Hiking Sentinel Peak, Peak 10930, and Pyramid Point In Montana’s Madison Range
Location: Sentinel Peak, Taylor Hilgard Unit, Lee Metcalf Wilderness, Madison Range, Montana
Rating: Grade 2 Class II
Trailhead: Potamogeton Park – Sentinel Creek Trailhead – 7,150′
Distance: 14.55 miles
Time: 6 to 10 hours
Sentinel Peak Elevation: 10,874′
Pyramid Point Elevation: 10,641′
Peak 10930 Elevation: 10,930′
Total Vertical: 4950′
Lat/Long: 44.9736, -111.4257
Maps: Hilgard Peak, Pika Point
Sentinel Peak sits deep in the Taylor Hilgard Unit of the Lee Metacalf Wilderness in the Madison Range of Montana. It’s elevation is 10,874′ and that makes it one of top 15 named peaks in the Madison Range. Sentinel Peak can be reached from the Taylor Fork or from Potamogeton Park. Starting on the Sentinel Creek Trail that leaves from Potamogeton Park appears to be a shorter approach. Sentinel Peak lies in the middle of a ridge line that connects it to Peak 10930 and Pyramid Point.
On a warm July day, Andy Tenny and I set off to climb Sentinel Peak in the Madison Range. Our goal was to summit all three peaks on this ridge line – Sentinel Peak at 10,874′, Peak 10930 at 10,930′, and Pyramid Point at 10,641′.
We set off south on Highway 191 and took a turn to the west on Highway 287 toward Hebgen Lake. Just past Hebgen Lake and shortly after Refuge Point Pullout we took a turn to the north on Forest Service Road 985. It’s a poorly marked dirt road, but a good smartphone will let you know where it is. FSR 985 heads north along Beaver Creek for about 4.5 miles and dead ends at Potamogeton Park.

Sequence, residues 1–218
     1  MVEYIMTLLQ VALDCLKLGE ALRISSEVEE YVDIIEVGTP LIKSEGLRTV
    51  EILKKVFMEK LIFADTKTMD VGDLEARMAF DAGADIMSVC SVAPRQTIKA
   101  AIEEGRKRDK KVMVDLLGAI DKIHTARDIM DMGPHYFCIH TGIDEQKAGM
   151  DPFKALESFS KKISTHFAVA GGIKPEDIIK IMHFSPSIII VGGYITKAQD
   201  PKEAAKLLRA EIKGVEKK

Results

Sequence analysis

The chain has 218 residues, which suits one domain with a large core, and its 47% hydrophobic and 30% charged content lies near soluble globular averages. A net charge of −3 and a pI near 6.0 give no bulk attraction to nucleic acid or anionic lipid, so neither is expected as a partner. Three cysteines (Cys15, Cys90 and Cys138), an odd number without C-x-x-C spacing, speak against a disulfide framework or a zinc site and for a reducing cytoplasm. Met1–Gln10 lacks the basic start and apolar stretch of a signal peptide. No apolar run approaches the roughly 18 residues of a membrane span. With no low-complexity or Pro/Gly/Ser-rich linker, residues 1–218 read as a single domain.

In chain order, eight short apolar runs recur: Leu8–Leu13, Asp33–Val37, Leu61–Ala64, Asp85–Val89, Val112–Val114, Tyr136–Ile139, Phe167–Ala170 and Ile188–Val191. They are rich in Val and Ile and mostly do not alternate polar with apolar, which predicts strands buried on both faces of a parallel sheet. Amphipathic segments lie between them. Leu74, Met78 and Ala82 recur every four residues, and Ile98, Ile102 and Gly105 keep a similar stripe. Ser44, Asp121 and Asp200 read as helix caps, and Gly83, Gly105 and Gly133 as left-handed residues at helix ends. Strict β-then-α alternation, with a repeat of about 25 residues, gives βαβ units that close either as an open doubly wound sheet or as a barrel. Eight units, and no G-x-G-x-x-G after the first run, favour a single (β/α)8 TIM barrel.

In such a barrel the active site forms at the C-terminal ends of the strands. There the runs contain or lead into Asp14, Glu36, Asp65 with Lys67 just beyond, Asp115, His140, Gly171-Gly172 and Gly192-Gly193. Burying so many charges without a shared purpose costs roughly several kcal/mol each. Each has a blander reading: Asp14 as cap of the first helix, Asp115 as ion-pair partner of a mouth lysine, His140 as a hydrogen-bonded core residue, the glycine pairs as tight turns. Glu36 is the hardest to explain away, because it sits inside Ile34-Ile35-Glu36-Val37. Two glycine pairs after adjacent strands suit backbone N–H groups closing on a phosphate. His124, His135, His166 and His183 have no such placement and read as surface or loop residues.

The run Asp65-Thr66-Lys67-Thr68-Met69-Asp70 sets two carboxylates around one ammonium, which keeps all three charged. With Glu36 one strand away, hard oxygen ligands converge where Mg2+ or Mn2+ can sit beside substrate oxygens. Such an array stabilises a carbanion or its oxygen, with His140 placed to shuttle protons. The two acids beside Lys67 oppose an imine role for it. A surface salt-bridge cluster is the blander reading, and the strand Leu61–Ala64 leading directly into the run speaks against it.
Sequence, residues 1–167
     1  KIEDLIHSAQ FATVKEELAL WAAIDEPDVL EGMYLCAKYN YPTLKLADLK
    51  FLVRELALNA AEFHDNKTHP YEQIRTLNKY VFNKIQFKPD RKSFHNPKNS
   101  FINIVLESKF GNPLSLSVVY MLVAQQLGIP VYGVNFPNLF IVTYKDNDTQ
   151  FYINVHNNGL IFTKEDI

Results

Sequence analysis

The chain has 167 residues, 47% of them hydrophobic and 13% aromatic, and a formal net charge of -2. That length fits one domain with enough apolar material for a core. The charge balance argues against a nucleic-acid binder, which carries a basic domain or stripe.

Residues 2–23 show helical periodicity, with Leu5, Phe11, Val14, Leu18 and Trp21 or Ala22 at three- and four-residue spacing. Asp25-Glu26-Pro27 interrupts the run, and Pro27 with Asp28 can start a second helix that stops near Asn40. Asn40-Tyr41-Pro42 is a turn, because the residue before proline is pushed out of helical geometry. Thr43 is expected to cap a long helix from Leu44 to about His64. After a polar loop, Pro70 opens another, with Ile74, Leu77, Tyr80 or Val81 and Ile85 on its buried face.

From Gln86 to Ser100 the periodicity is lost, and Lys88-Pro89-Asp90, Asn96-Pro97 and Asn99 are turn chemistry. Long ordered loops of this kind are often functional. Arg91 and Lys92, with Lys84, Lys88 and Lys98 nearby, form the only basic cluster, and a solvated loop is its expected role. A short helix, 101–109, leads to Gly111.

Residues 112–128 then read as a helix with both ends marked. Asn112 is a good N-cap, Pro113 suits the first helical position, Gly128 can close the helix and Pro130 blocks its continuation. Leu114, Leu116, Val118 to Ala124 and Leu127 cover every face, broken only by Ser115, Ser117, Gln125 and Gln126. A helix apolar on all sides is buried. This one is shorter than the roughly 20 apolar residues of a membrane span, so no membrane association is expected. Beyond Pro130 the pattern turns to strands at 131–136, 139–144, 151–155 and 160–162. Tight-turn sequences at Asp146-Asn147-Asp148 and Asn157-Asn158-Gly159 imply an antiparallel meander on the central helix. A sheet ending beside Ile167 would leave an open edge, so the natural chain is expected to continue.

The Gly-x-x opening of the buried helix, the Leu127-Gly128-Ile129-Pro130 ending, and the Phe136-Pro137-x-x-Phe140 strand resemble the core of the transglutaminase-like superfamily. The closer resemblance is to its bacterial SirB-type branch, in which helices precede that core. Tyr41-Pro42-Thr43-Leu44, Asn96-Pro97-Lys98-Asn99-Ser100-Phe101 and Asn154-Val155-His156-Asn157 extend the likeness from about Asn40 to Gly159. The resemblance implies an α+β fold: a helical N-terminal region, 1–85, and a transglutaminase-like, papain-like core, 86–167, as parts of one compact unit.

Potamogeton Park is a large parking area named after an freshwater aquatic plant. There are three trailheads and three trails that leave from Potamogeton Park – Minnie Wapiti Trail #203, Lightning Lake Trail #200, and Sentinel Creek Trail #202. To access Sentinel Peak, you need to take Sentinel Creek Trail #202 located at the southwest end of the parking area.
We laced up our boots, harnessed the bear spray, and were walking by 9:30 AM. The Sentinel Creek Trail immediately drops down and crosses the creek. Then it quickly enters the Lee Metcalf Wilderness area. The trail climbs steadily up a ridge and then mellowly contours through forests and meadows. We made bear calls as we were walking and made good time up the trail.
After the trail turns west there are a few creek crossings and also a few switchbacks. Based on the contour lines on the maps we planned to head off trail at about 8600′ (44 57.6659N, 111 24.3219W). We reached this point in 4.8 miles and 1.75 hours. Here we quenched our thirst and began to wade through thigh deep wildflowers steadily heading up to the southeast ridge of Sentinel Peak.
Then boom a flash of movement through the wildflowers about 150 meters away. A lone wolf made its way across the steep but open meadow. It’s not often you catch a glimpse of a wolf in the wild. Sweet. Sorry, not quick enough with the camera to get the shot. We continued up to the ridge and gained it at 9,365′. Far below a well trodden trail stood out on the north side of the ridge.
The ridge was steadily steep up to point 9946. Then it opened up and mellowed out. The southeast ridge of Sentinel Peak is wide open and a mix of grass and rock. There were scatterings of bear, elk, and goat scat along with a handful of bones that had been picked clean. Oh and a few patches of snow too. We reached the top of Sentinel Peak in 3.5 hours after covering 6.5 miles and 3875′. There’s strong LTE service from Verizon along the ridge and on the summit.
The views (as always) were spectacular. Imp, Koch, Taylor Fork, Echo, Dutchman, Hilgard, Expedition Pass, Hebgen Lake, Sage Peak. Standing on top of a peak is life changing. After about 15 minutes we decided to head west along the ridge to Peak 10930. The ridge drops to roughly 10670′ between Sentinel Peak and Peak 10930.
We reached Peak 10930 in 4 hours, 3875′ and 7 miles. Peak 10930 is an unnamed summit in the Madison Range and the views of Imp Peak and Alp Lakes were outstanding. On the way to the peak we startled a family of four mountain goats who scurried across this rocky terrain way faster than I will ever be able to do.